The use of liquid-liquid extraction for the separation of enantiomers (ELLE) has been demonstrated as early as 1959. After over a decade without significant improvement (only four articles appeared in the 1960s), Nobel Laureate Donald Cram picked up the concept in the 1970s and published a series of crown-ether based extractants that are very selective towards amino acid esters. After the work of Cram had become famous, more people started working on ELLE, though the field has ever remained small and hardly any work has been reported beyond the exploratory stage. In this paper the most significant improvements of the last 50 years in the field are discussed, including the most remarkable extractants developed for several classes of substrates (amino acid esters, amino alcohols, aromatic acids and amino acids), and process technology to scale up to continuous operation. Future commercialisation seems possible using supported liquid membranes, centrifugal contactor separator technology, or with solvent impregnated resins as hybrid technology.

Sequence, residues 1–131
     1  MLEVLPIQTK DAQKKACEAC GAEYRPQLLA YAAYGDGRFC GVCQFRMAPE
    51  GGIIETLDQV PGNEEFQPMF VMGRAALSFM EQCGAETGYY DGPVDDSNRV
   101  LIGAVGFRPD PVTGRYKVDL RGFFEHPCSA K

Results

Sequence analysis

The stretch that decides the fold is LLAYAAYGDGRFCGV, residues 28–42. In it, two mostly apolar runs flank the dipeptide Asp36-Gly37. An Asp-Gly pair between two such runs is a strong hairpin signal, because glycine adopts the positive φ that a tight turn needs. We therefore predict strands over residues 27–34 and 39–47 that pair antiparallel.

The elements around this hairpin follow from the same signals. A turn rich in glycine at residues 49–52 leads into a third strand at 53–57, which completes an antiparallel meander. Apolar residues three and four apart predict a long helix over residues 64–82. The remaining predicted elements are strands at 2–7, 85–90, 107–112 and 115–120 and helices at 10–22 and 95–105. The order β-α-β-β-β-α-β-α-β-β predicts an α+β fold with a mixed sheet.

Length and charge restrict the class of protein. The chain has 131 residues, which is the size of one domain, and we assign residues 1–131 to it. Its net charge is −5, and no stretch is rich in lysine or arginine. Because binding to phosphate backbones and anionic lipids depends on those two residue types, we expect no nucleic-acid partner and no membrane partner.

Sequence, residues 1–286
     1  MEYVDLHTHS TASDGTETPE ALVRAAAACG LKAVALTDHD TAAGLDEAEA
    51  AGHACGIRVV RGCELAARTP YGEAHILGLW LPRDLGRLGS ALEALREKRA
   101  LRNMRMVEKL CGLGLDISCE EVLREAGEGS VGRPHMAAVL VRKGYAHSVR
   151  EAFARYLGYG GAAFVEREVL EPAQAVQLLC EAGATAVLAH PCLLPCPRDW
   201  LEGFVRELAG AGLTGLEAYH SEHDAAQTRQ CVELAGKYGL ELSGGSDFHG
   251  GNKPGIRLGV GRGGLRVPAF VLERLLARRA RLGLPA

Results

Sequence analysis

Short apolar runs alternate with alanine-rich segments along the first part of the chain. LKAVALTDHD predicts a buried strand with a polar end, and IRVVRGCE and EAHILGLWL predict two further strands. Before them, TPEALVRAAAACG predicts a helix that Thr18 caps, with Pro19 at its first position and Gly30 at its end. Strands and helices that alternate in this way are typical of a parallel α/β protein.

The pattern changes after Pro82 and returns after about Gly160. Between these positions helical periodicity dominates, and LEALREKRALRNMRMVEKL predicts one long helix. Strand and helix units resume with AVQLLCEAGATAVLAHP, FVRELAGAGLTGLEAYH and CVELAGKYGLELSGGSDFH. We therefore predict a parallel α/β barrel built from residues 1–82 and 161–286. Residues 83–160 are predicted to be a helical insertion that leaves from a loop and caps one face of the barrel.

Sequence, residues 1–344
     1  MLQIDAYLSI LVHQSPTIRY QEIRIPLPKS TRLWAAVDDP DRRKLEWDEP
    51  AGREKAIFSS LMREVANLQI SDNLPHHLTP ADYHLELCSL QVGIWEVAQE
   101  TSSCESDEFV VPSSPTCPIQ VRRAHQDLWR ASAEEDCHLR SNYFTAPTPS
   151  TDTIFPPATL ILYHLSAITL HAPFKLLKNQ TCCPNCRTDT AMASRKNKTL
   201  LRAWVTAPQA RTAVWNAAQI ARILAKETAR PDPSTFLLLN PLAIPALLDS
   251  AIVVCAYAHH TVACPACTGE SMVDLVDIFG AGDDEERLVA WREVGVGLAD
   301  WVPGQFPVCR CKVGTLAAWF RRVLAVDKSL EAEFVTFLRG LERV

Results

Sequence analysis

|Title of host publication||Proceedings of the 19th International Solvent Extraction Conference - ISEC 2011, 3-7 October 2011, Santiago, Chile|
|Publication status||Published - 2011|
|Event||19th International Solvent Extraction Conference (ISEC 2011), October 3-7, 2011, Santiago, Chile - Santiago, Chile|
Duration: 3 Oct 2011 → 7 Oct 2011
|Conference||19th International Solvent Extraction Conference (ISEC 2011), October 3-7, 2011, Santiago, Chile|
|Abbreviated title||ISEC 2011|
|Period||3/10/11 → 7/10/11|